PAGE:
your brown leather boots
(that i know you own
because i saw them in a picture)
have been on my mind for days
scuffed leather stuffed with denim
yellow laces double tied
a half inch block heel
i imagine them now
on the grimy floor of a northern rail train
skin inside skin
i haven’t met you yet
but i want to trace the marked leather
with my fingertips
each imprint scratch dent
a testament to the streets they’ve crossed
girls like us walk with calculated steps
(i want to watch you walk
each heavy lift of the leg
each time the worn-off tread
hits the ground
means do not mistake me for anything
other than what you think i am
(but you already know that)
i imagine you
in your brown leather boots
looking out the carriage window
are you even wearing them
are they tapping
(i hope they are)
like my black leather boots
on the platform?
i swallow my SSRI breakfast
text you good morning
hesitate to open the blinds
so as not to disturb the two
mugs idling on my windowsill.
let the paint stain. let spilled tea
galaxies bruise the white wood.
this porcelain memory
must remain untouched.
the platform is hazy with cold
air leaving cold bodies
a bloodless thing journeying
to somewhere warm and living
comes back out a nebula.
i take a mental note to buy
more mugs. i unlock my phone
and don’t type anything.
st peter’s square exhales.
i hug my bag to my chest
think about train tracks and
how i don’t want to die anymore.
the man on the tram scratching
at invisible spiders in his eyes
drops the clear plastic baggy
and i hear porcelain shatter.
i’m glad i’m not the only one
who’s keeping something quiet.
documentary on breadmaking
i saw another movie and we weren’t in it
your buzz cut my finger tips
the screenplay didn’t account for
us building a room
full of birds
up in your attic
i feel wing feathers flitting in my belly
and i don’t think they could catch that on camera
the wonder i house
the humming of my mortal parts
bird flutter beat stop motion:
pick me up in your car light our roll ups
hand in back pocket confessions my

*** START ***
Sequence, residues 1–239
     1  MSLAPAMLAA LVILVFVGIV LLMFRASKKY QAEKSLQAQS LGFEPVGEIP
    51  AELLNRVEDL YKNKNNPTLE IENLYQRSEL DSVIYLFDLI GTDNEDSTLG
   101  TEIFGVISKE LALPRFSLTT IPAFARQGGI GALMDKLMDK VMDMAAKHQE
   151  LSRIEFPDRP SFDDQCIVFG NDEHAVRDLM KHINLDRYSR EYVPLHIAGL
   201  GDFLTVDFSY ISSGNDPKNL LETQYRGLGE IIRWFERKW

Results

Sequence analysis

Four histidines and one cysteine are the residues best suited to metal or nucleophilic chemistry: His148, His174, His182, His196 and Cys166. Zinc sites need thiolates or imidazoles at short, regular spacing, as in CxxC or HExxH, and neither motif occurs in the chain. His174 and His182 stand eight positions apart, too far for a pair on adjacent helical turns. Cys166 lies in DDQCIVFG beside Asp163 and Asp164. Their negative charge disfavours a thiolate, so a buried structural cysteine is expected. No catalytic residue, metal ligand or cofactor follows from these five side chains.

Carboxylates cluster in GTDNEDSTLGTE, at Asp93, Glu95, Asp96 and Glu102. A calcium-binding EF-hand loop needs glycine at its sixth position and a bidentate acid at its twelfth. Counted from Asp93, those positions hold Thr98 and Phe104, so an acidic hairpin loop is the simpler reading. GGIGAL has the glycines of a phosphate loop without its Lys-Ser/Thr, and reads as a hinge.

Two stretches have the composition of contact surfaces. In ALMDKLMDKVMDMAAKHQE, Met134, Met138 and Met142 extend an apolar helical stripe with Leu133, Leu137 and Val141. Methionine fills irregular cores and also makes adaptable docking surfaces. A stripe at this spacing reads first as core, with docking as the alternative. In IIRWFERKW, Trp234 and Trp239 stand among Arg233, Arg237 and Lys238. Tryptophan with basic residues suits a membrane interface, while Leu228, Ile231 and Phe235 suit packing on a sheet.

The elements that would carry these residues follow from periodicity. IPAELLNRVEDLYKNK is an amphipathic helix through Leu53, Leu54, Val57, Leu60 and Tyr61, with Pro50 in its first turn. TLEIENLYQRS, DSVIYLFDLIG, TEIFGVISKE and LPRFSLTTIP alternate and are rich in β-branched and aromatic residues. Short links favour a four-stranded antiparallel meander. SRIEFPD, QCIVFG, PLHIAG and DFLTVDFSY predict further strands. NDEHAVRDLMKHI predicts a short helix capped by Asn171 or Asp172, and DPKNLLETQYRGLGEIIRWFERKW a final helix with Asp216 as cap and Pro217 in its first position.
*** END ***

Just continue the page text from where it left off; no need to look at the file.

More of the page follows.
scorpio venus your hands shaking but
never on my throat we are not in the
cinema we spit on them i shave your
head you are all there ever is in mine
i don’t want to be on television
i want to bake bread with you.
sticky dough finger prints on your cheeks
from when i stop the tiresome kneading
to hold your face in the fluorescence
just us and our shadows under kitchen light
i never want to give you crumbs
i want to give you an entire loaf
warm bread on the counter
we bite through the crust
and laugh with our mouths full
recognition of the self and
recognition of an/other
we in this gay club lights ablood lights ablued
romantic comedy special where you have just
almost thrown up from red stripe and weed yet
you giggle for 10 minutes when i call you cute
which means to say i see the undressed button of
your button down shirt i see the unfazed way you
lean back and rest your arm just so which means
to say woman how could i ever want anything but
this this this this this making unstrange this
scraping the suicidal shame from under my
fingernails before i touch you this shifting this
waxing this waxing lyrical isn’t it making the up
to 60 percent of water in your body boil isn’t it
making the skin melt off your musclefleshbone
drop by drop only for you to suddenly revel in the
curl of me licking your tongue to britney because i
don’t know who could witness our drinking each
other and call it poison are they not watching me
mend am i not mending are these stage lights not
chasing each other to teach me how to fluoresce
glow a split second when we kiss am i not readying
myself to witness something yet unknown like you
to me and me to you and me to me and you to you
the morning i was cut from my mother’s belly,
they unwrapped the noose that fed me
before i could scream.
i think children hold fear
in different parts of their body.
my hand used to hold hers like any daughter’s ought to
and when i learned that i was bad,
i held that, too.
when i grew taller than her, i began shrinking.
after each day spent as her biggest regret,
i was needed to massage her feet in front of the tv.
i imagined a stranger’s hands around her callouses
kneading the ball just under the big toe
of her left foot,
her right foot.
i pushed my spine into the back of the sofa
and when the show was over, i washed my hands.
i think children hold fear in the parts of their body
that remain small. the finger bones stretch
and the femurs thicken. but a young bundle of flesh
is still pulsating inside of me.
a tumour the size of a fist
against the stucco of my childhood bedroom.
i won’t cut the sick out of me. i’ll coax it out delicately.
once, a doctor cradled an infant covered in blood
while unbinding its rope of nurture.
let me repeat what took place that morning
with my own two hands.